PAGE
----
National Journal: "Comparing today's 232-seat Republican majority with the 236 seats Republicans ultimately held after special elections and party switches from 1995-96 underscores the extent to which GOP legislators have succeeded in fortifying themselves into homogeneously conservative districts. On every measure, Republicans today represent constituencies that lean more lopsidedly toward their party. On average, Clinton in 1992 won 46.6 percent of the two-party presidential vote in the districts held by congressional Republicans during the 104th Congress from 1995-96. (That two-party calculation excludes the share carried by Ross Perot in his independent bid that year.) President Obama last year carried only an average of 40.4 percent of the two-party presidential vote in the districts held by the current Republican majority. Back in 1995, 79 House Republicans represented districts that backed Clinton in the previous presidential election; just 17 House Republicans now represent districts that Obama won. Fewer Republicans now hold districts that fall into an even broader definition of competitiveness:  In 1992, Republican President George H.W. Bush won 55 percent or less of the two-party presidential vote in 141 of the 236 House Republican districts. Now, only 71 House Republicans, roughly half as many, represent districts where 2012 nominee Mitt Romney won only 55 percent or less."

Politico: "Nearly everyone in the 2016 GOP presidential field agrees: A government shutdown is a no-good, very bad thing. Yet with the lights-out moment for federal agencies now under way, the leading Republican White House hopefuls have all but zipped their lips when it comes to calling out the Hill gamesmanship that is poised to shutter agencies across the U.S. government for the first time in nearly two decades."

ALABAMA: AP: "Republican Rep. Spencer Bachus, the longest-serving member of Alabama's House delegation, said Monday he will not seek re-election in 2014 after his current term, a decision that could set off a free-for-all in a heavily GOP district. The 6th District congressman said he is too worried about problems like the national debt to resign before his term ends, yet he also is frustrated by the climate in Washington."

Roll Call: Baucus's exit "will likely spark a crowded GOP primary in 2014 to succeed him. A host of GOP candidates are expected run — many of whom have been waiting for his exit for two decades. Alabama Republican operatives say the race is likely to include a wide array of candidates, from tea party stalwarts to popular state legislators in this heavily Republican district located in suburban Birmingham."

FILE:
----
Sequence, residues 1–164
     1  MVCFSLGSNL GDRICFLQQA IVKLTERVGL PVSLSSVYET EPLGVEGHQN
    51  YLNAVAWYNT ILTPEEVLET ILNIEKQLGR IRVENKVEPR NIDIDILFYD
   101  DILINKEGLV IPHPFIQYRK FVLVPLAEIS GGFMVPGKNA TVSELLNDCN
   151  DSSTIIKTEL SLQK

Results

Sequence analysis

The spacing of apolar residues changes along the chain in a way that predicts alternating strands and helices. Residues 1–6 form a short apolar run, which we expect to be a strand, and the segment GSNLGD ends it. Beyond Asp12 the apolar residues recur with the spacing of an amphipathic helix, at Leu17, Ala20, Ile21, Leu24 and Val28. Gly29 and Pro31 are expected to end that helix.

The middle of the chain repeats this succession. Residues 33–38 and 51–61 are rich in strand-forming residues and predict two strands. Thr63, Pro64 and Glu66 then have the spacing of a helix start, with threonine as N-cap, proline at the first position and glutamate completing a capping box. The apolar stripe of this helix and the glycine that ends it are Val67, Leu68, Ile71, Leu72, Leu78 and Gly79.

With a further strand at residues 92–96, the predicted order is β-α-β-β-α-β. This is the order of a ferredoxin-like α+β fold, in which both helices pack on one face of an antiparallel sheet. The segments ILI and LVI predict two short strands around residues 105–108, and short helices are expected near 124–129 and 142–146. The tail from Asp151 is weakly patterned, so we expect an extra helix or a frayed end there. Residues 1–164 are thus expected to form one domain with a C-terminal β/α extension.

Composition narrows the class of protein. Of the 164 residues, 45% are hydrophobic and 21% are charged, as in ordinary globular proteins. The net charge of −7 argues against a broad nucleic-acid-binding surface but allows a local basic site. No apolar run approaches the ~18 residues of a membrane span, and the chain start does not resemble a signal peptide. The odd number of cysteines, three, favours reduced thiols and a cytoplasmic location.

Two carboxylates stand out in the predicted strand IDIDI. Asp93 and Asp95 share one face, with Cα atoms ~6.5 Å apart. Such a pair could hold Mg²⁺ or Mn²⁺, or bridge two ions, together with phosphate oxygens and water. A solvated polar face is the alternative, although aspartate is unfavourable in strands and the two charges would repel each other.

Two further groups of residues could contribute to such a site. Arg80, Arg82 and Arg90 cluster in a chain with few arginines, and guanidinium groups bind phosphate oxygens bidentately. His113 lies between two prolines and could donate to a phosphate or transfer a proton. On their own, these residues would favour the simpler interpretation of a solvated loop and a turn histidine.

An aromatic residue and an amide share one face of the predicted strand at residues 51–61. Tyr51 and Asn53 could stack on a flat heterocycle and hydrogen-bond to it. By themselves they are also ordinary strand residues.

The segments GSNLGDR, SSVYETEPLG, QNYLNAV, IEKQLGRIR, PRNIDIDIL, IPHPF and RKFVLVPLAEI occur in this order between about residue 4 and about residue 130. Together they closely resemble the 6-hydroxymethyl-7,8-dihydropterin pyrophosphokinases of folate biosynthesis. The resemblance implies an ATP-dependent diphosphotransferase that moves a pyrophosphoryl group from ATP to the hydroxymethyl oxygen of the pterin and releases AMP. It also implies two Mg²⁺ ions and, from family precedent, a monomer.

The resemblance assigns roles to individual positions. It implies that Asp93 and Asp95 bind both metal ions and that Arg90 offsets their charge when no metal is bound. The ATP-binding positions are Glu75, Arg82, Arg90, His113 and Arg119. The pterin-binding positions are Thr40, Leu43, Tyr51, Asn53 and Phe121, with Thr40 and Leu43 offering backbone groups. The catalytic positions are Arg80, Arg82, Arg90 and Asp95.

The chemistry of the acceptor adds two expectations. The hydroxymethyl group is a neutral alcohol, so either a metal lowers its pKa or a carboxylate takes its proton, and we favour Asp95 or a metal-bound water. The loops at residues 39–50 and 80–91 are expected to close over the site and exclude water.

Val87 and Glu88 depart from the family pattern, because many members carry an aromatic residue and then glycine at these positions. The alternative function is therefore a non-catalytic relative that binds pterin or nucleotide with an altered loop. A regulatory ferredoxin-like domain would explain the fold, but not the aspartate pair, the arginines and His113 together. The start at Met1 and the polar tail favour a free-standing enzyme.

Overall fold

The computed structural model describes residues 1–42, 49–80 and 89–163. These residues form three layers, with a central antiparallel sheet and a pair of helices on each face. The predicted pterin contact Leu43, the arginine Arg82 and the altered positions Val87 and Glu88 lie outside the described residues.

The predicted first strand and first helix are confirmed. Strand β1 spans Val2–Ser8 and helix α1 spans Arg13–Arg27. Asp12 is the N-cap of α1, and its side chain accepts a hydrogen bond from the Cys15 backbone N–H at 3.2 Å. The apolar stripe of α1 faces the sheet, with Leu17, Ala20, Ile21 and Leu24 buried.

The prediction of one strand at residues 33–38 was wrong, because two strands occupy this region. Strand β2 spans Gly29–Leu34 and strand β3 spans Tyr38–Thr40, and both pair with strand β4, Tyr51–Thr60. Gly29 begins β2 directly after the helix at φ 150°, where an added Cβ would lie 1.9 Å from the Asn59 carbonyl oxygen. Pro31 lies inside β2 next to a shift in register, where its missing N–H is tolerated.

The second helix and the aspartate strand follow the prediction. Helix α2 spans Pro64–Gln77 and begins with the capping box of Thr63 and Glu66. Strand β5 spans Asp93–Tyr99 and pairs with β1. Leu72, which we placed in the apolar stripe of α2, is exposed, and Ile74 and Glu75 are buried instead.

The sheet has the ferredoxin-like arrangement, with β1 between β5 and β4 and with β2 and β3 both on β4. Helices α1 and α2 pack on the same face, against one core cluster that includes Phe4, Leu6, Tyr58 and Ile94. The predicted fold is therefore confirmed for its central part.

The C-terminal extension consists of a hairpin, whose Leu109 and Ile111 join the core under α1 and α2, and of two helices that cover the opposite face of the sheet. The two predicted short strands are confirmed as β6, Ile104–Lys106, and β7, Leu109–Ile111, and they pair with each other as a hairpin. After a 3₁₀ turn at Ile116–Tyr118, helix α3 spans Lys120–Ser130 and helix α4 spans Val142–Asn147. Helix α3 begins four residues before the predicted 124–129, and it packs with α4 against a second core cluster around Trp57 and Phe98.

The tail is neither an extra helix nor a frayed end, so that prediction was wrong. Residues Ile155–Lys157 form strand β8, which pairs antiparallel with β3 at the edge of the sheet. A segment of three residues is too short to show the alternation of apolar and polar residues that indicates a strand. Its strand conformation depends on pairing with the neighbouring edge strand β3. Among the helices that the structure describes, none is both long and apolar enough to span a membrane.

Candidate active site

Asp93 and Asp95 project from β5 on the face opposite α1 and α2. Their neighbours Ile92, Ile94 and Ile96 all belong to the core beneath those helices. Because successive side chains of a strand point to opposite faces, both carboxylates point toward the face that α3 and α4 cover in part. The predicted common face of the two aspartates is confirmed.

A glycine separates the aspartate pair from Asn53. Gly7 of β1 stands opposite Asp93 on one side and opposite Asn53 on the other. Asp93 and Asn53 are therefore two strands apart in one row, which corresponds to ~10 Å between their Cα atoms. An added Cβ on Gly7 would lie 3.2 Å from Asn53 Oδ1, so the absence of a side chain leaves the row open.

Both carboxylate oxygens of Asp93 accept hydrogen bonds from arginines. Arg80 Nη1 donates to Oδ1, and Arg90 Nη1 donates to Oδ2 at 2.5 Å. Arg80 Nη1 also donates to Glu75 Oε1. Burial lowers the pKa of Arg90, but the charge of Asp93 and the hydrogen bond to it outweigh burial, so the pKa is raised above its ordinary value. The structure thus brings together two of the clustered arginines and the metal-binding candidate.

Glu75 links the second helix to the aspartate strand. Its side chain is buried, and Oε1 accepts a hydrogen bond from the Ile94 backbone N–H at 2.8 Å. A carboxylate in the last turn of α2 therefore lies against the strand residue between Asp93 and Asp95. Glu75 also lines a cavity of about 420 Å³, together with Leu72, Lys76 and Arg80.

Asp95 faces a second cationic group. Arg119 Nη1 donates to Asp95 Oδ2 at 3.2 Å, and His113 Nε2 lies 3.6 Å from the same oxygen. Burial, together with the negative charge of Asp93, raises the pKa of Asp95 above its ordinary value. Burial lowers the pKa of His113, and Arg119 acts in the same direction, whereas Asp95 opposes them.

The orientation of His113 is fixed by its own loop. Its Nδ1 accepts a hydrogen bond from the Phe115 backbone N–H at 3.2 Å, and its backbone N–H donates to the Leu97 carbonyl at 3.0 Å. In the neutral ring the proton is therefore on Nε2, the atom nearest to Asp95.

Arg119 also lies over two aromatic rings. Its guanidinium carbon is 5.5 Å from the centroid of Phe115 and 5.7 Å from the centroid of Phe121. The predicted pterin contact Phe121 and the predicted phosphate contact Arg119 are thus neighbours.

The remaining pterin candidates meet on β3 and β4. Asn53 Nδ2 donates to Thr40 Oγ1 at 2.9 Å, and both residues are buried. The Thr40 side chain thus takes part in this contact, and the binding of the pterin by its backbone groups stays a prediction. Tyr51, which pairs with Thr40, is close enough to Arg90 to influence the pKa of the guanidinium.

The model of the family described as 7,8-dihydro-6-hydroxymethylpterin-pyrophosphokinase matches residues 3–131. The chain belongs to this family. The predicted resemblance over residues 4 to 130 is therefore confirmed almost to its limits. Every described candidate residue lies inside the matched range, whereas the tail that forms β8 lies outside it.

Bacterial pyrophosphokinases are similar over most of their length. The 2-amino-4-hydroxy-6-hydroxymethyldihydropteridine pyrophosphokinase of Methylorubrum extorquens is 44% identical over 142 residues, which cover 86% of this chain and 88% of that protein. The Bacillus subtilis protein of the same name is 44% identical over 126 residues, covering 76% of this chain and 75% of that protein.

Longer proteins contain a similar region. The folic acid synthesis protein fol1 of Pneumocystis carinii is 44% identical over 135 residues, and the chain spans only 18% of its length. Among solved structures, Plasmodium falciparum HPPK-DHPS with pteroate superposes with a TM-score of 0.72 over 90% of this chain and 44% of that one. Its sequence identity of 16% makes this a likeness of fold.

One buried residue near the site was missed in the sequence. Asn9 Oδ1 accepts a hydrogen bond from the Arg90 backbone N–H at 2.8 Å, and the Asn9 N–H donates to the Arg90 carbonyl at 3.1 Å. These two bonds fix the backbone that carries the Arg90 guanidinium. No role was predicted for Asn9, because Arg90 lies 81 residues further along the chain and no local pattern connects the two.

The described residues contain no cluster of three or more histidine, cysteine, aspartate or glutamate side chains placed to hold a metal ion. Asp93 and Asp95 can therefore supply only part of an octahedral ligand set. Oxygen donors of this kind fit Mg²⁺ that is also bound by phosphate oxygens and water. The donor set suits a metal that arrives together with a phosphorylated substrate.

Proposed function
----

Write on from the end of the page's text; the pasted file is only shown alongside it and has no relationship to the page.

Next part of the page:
NEW JERSEY: Politico: "Democrat Cory Booker is launching his first negative spot today against Republican rival Steve Lonegan in the New Jersey special election for U.S. Senate, calling his rival 'too extreme' for the state. The spot comes two weeks out from the Oct. 16 special election. Polls show Booker, currently the Newark mayor, leading by over 10 points. But that margin is far slimmer than the lead Republican Gov. Chris Christie holds over little-known Democratic rival Barbara Buono, a fact that Booker critics have taken note of."

Newark Star Ledger: "Christie will seek to delay the Oct. 21 start date for same-sex marriages in New Jersey and wants the state Supreme Court to fast-track an appeal in the case, according to a letter sent to the justices today by acting state Attorney General John Hoffman. If Christie gets the delay he is seeking, known as a stay, same-sex couples would not be able to marry until the appeals process is concluded — and if they win the case."

VIRGINIA: AP's Bob Lewis: "Democrats, including gubernatorial nominee Terry R. McAuliffe, sought to tie Republican nominee Ken Cuccinelli to the tea party leaders who insist on using Monday's vote to defund the Affordable Care Act. Chief among them is Sen. Ted Cruz, R-Texas, who waged a 21-hour, 19-minute filibuster against continued funding for conservatives call Obamacare. Cruz will campaign with Cuccinelli on Saturday. Cuccinelli says he opposes a federal shutdown, but neither he nor his campaign will say — as McDonnell clearly did — whether Cuccinelli supports House Republicans' continued demand that funding for the health reform law be stripped as a condition for passing legislation to keep the government open."

Cuccinelli is "targeting federal employees and Northern Virginia voters on Terry McAuliffe's untenable position on the government shutdown.